John Baugh, Ph.D., a well-known African-American linguist and education expert, will be the inaugural holder of an Arts & Sciences endowed professorship named in honor of prominent civil rights attorney and emerita trustee Margaret Bush Wilson.
Baugh, author of Beyond Ebonics: Linguistic Pride and Racial Prejudice, a significant piece of work on the Ebonics controversy, has also been named director of African and Afro-American Studies and professor of psychology, both in Arts & Sciences. In addition, Baugh will hold appointments in the departments of Anthropology, Education and English, all in Arts & Sciences.
“We are fortunate to recruit John Baugh to Washington University,” Chancellor Mark S. Wrighton said. “He is an exceptionally accomplished academic leader, and we are grateful to have a person of his stature become the director of African and Afro-American Studies.
“John Baugh becomes the inaugural holder of a new endowed professorship named in honor of Margaret Bush Wilson, a long-serving member of the Board of Trustees and a key leader in the movement to assure civil rights for all Americans. I value very much John Baugh’s commitment to contributing to the advance of Washington University by joining its leadership team.”
Baugh previously served for 14 years as professor of education and linguistics at Stanford University. After earning earned a bachelor’s degree in speech and rhetoric from Temple University in 1972, he earned master’s (1976) and doctoral (1979) degrees in linguistics from the University of Pennsylvania.
Baugh’s most recent work is on identification of the race of speakers from characteristics of their voices during telephone conversations, a process he termed “linguistic profiling.” Important policy implications about discrimination in housing can be drawn from this research; Baugh received a Pioneer of Fair Housing award in 2004 from the U.S. Department of Housing and Urban Development for his work in this area.
“John Baugh is a scholar of international reputation,” said Edward S. Macias, Ph.D., executive vice chancellor, dean of Arts & Sciences and the Barbara and David Thomas Distinguished Professor in Arts & Sciences. “He has been an award-winning teacher. He has excellent administrative skills. We look forward to his active leadership of the African and Afro-American Studies program and in many other parts of Arts & Sciences.
“I think it is very fitting and appropriate that he be named the inaugural holder of the Margaret Bush Wilson professorship. Margaret was a strong leader in the Civil Rights Movement and has been actively involved in the University community for many years.”
Baugh is a founding member of the National Science Foundation’s National Advisory Committee to the Social, Behavioral, and Economic Sciences and past president of the American Dialect Society.
He has written several widely acclaimed books. Baugh’s first major research contribution was Black Street Speech: Its History, Structure and Survival in 1983. This work examines how many African-Americans negotiate on a daily basis through several distinct linguistic traditions, much as do bilinguals living in a society where several languages are spoken.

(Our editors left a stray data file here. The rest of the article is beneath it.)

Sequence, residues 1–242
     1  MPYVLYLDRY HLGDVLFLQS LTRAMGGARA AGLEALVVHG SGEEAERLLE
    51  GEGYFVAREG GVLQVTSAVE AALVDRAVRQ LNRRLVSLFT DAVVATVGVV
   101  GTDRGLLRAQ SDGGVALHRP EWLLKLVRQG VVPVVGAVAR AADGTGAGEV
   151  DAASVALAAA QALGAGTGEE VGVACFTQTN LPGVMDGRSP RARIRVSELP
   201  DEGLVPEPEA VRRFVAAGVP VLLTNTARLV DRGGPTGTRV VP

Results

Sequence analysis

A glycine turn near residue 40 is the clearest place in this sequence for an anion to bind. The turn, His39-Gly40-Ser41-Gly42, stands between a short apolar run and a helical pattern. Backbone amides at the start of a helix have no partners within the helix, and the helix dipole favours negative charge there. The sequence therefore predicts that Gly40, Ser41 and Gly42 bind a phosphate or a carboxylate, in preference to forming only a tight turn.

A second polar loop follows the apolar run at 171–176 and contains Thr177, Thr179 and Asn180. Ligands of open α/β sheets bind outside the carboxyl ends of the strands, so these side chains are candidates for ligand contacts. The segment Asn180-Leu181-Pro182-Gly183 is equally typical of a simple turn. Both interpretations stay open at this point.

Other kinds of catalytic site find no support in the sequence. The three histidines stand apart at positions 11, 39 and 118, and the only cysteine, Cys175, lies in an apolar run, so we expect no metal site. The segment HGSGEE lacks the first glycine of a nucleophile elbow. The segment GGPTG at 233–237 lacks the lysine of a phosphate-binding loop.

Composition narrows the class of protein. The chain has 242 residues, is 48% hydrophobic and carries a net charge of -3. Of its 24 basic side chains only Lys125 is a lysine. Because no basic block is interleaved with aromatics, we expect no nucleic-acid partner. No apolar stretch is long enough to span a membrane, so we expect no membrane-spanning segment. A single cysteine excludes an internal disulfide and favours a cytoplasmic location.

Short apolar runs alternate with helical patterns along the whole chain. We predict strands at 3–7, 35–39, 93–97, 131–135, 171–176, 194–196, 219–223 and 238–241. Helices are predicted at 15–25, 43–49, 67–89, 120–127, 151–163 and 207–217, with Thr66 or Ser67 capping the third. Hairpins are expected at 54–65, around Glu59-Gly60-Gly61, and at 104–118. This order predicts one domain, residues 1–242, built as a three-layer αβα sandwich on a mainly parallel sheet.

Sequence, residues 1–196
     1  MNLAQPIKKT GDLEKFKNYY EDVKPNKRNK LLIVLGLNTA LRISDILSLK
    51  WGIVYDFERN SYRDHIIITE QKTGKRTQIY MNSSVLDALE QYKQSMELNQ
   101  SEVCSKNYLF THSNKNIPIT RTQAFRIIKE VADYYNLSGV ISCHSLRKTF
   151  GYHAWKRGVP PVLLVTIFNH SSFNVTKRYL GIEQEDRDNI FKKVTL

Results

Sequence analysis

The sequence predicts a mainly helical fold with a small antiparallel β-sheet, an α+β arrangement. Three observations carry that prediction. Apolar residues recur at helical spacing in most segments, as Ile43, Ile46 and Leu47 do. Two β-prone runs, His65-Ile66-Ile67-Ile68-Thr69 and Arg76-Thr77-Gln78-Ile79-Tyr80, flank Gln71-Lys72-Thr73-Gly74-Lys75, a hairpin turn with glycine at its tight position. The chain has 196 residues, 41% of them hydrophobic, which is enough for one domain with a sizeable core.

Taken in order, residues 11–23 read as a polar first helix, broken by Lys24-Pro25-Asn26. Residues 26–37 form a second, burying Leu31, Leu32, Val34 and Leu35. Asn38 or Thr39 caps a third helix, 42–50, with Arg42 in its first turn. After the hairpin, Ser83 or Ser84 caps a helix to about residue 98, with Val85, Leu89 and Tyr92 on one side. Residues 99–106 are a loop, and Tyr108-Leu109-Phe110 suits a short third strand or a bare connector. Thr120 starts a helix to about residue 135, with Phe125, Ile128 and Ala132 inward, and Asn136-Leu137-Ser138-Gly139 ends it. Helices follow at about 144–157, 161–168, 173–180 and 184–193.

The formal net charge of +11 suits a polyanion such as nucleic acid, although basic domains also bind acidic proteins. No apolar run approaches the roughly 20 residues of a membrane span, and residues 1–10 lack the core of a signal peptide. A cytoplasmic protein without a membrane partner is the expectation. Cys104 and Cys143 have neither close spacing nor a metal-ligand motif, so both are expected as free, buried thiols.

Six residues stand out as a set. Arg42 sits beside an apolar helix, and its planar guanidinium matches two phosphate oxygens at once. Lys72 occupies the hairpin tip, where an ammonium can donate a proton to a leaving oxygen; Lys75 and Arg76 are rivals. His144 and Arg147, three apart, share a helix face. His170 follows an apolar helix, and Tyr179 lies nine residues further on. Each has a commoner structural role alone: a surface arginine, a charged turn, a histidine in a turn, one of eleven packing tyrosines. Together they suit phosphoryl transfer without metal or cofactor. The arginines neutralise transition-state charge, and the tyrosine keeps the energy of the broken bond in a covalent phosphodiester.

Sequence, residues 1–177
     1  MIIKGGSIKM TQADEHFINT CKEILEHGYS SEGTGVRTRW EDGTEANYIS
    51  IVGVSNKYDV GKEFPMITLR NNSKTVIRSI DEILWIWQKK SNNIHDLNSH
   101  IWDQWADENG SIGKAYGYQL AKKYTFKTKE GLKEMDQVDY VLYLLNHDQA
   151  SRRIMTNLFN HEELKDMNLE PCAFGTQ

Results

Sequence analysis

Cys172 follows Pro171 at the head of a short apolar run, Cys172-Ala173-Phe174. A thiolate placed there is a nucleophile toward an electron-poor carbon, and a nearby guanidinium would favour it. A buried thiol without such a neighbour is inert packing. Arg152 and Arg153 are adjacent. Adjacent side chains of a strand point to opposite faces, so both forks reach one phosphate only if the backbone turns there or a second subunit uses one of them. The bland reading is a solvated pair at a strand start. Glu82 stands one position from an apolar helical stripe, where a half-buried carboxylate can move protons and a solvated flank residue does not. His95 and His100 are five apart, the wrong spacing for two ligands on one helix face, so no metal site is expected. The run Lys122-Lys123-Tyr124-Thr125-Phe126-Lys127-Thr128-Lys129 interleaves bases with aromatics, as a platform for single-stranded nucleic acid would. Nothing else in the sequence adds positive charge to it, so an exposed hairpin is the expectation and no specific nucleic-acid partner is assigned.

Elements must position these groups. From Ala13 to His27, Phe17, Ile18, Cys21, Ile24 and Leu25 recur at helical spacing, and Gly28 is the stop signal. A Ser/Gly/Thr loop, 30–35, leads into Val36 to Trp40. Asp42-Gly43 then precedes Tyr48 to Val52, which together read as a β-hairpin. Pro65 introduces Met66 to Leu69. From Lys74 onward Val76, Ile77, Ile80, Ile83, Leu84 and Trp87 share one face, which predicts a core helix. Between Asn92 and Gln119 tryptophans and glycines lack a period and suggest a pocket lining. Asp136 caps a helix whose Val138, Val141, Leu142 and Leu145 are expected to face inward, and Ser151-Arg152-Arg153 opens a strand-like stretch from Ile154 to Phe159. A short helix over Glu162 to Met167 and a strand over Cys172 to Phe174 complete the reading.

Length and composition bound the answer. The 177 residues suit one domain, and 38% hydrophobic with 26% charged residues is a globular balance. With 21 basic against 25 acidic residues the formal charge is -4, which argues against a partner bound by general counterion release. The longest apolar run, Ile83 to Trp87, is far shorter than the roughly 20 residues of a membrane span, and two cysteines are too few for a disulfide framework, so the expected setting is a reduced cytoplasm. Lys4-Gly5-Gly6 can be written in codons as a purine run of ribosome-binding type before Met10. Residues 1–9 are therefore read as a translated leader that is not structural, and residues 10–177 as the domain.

Baugh has published two other major works: Out of the Mouths of Slaves: African American Language and Educational Malpractice in 1999 and Beyond Ebonics: Linguistic Pride and Racial Prejudice in 2000.
In Beyond Ebonics, Baugh debunks many commonly held notions about the way African-Americans speak English and provides a balanced portrayal of a difficult subject.
The New Yorker called Beyond Ebonics a “lucid new study” in which “Baugh argues that the good intentions of the Oakland school board were frustrated by elastic definitions of Ebonics that ultimately undermine its scientific validity.”
Wilson was a prominent civil rights attorney in the 1960s and the first woman to chair the board of directors of the National Association for the Advancement of Colored People (NAACP).
Throughout her professional career, she has broken many barriers as an African-American woman.
Born in St. Louis at the end of World War I, Wilson managed a St. Louis law firm, now Wilson & Associates, for more than 40 years. She was the second woman of color admitted to practice law in Missouri.
Wilson earned a law degree from Lincoln University. She served on WUSTL’s Board of Trustees from 1978-1987. She is a charter member of the Arts & Sciences National Council.
Wilson’s professional experience includes serving as assistant attorney general of Missouri.
She is past chair of the NAACP national board of directors, having served nine terms in that office.
She is past board chair of two historically African-American institutions, Saint Augustine’s and Talladega colleges, and has also served on numerous boards for national companies and nonprofit organizations.